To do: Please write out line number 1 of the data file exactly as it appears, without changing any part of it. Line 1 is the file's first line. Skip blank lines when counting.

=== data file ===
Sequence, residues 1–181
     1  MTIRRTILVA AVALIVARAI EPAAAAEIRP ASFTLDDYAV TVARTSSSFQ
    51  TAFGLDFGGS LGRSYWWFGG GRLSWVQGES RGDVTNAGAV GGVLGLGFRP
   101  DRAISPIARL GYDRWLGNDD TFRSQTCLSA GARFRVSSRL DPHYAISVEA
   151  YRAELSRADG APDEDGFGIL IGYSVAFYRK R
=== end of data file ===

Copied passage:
Sequence, residues 1–181